The diff is a simple planetary-gear unit that works well on grippy surfaces, but lets the car unload power into whatever wheel has the least grip, on slippery ones. The standard tyres are fairly hard, by R/C racing standards; they'll last well, but they make the Mini-Z's handling on polished floorboards (or similar dead smooth tracks) quite exciting. If you feel like doing some rally-car helicopters, put a spoonful of water on the kitchen floor and go for it.
The motor pod is reconfigurable; you can easily change the motor position so it's sitting above the axle rather than behind it. This lets you mount shorter bodies with a more wheel-at-each-corner layout (Mini Cooper, Volkswagen Golf...) on the Mini-Z chassis.
You can also change the Mini-Z chassis wheelbase by changing the mounting holes used by the T-piece that connects the motor pod to the middle chassis. The Mini-Z chassis' rear wheels are mounted on an unsuspended axle, but the whole rear pod, complete with motor, can bounce and twist relative to the rest of the chassis. This keeps the Mini-Zs much more firmly planted than your average no-suspension toy car, even though they're a lot faster. Mini-Zs are still not off-roaders by any stretch of the imagination certain whimsical modifications notwithstanding); their wheels are a little less than an inch in diameter, after all, and there's only about five millimetres of ground clearance. But they can deal with textured floors and flat-pile carpet OK, and they settle down well after whanging off furniture or other cars.
The Mini-Z's fire-breathing power source is four AAA cells, which should be rechargeable if you want the same speed for the whole run.
AAA alkaline (or even dry) cells have a nominal voltage of 1.5 volts per cell, versus only 1.2 volts for nickel cadmium (NiCd) and nickel metal hydride (NiMH) cells. But the stock Mini-Z motor and speed controller have a peak draw of more than an amp, which is way more than non-rechargeable AAAs can handle. What this means is that the battery voltage will fall through the floor under load, the actual power delivered will be substantially lower, and you won't get as much speed.
Decent run time, yes; alkalines will power a Mini-Z for the thick end of an hour. But even your first lap will be slower than it'd be with rechargeables, and alkalines will obviously sag away after around 15 minutes of driving.
Even high capacity NiMH cells, on the other hand (more capacity means less current delivery, all things being equal) can deliver a couple of amps at close to their rated voltage. And they can keep doing that until very nearly the absolute end of their charge. How long a given battery type will last depends on how you drive, but the higher capacity NiMH cells should be good for around 30 minutes of fun.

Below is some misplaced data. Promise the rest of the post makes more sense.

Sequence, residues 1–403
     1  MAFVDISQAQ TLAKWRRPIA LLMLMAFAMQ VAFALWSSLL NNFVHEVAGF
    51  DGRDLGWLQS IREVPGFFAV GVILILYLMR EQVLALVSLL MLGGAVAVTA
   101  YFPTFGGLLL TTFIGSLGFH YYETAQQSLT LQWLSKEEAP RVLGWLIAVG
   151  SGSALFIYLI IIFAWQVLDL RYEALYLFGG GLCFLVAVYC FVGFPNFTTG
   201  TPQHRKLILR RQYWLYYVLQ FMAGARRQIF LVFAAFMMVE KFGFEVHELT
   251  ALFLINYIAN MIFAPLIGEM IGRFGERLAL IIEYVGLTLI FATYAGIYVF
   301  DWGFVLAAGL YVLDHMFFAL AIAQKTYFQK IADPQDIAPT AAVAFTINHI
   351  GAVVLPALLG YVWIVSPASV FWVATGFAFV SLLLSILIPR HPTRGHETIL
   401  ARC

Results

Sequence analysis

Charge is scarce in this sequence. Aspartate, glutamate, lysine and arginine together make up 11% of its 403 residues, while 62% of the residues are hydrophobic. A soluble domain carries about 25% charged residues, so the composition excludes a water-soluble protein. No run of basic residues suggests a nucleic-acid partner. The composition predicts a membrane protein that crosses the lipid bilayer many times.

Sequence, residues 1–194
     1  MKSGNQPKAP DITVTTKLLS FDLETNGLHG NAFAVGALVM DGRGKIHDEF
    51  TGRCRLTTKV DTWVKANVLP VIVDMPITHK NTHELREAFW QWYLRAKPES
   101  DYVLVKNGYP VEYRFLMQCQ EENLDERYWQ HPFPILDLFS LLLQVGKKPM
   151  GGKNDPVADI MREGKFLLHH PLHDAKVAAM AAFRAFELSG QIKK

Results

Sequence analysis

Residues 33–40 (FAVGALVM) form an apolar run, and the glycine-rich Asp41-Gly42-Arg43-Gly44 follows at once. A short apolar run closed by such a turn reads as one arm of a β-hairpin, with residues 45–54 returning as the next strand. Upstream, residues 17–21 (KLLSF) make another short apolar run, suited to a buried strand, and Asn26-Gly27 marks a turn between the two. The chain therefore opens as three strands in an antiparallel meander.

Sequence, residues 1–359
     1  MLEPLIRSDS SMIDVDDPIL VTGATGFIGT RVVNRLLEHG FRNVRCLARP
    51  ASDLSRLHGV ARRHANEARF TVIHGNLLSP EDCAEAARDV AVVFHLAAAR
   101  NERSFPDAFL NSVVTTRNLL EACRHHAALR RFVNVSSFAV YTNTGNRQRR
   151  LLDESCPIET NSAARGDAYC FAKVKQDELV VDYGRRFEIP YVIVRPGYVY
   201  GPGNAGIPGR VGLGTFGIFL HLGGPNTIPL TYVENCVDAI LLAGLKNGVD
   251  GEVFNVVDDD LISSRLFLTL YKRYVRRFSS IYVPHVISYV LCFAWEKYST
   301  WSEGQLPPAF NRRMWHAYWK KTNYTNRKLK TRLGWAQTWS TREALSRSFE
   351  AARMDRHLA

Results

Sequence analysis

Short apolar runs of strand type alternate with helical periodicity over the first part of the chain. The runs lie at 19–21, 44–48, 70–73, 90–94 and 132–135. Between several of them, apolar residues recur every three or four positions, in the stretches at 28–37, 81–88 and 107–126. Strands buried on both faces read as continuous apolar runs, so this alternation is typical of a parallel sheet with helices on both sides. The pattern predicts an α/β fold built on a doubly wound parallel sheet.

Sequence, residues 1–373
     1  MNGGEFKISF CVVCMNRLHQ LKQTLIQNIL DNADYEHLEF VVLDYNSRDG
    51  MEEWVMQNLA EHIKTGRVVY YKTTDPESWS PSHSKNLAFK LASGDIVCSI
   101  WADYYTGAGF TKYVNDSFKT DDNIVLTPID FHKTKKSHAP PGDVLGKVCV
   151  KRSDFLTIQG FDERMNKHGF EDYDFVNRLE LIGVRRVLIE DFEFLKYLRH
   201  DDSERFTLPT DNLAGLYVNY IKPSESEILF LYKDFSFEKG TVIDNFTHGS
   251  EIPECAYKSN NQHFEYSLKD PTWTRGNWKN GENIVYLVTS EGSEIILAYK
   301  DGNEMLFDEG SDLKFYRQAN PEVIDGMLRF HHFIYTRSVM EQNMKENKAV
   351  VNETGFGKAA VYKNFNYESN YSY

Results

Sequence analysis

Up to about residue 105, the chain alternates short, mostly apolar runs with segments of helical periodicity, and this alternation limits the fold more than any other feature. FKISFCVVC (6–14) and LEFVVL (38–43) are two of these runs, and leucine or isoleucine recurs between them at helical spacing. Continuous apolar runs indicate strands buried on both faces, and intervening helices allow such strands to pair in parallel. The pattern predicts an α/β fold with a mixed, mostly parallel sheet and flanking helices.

Here in Australia, you can get Chinese no-name 650mAh AAA NiMH cells from Jaycar for very reasonable prices; they're catalogue number SB2444. A dozen of them - three sets - will set you back $AU37.80.
NiCd AAA cells have much lower capacity than NiMH; you're talking only about 250mAh for NiCds. But you can safely throw a charge into any NiCd, with a decent fast charger, in about 90 minutes. Or less, if you're in a hurry and not feeling kind. NiMH chargers typically take several hours to charge their cells, except for a few recent models which can charge AAAs in less than an hour, allegedly without hurting them. But I'll believe that when I see it, personally, and those chargers don't seem to be available in Australia yet.
For a clearer view of the other parts of the Mini-Z, and of what you can do with one if you think "stock" is a dirty word...
...check this out. This chassis is pretty much entirely composed of option parts. Plus a healthy accumulation of race-grime, too.
The pink see-through "skeleton" chassis is basically just for pretty, but it does let you more easily see the giblets.
The front end of the car is based around a special micro steering servo, for which you can get steel gears if you're a demonstrative driver who keeps stripping the plastic ones.
The geometry of the hopped-up chassis' front end is exactly the same as stock, but it's now easier to see. The front stub axle holders slide up and down on their hinge pins, with springs a bit further inboard. It's a simple design, but there's no damping; lots of bigger on-road "pan cars" have a similar arrangement. You could grease the pins to get some bounce reduction, but that'd attract dust.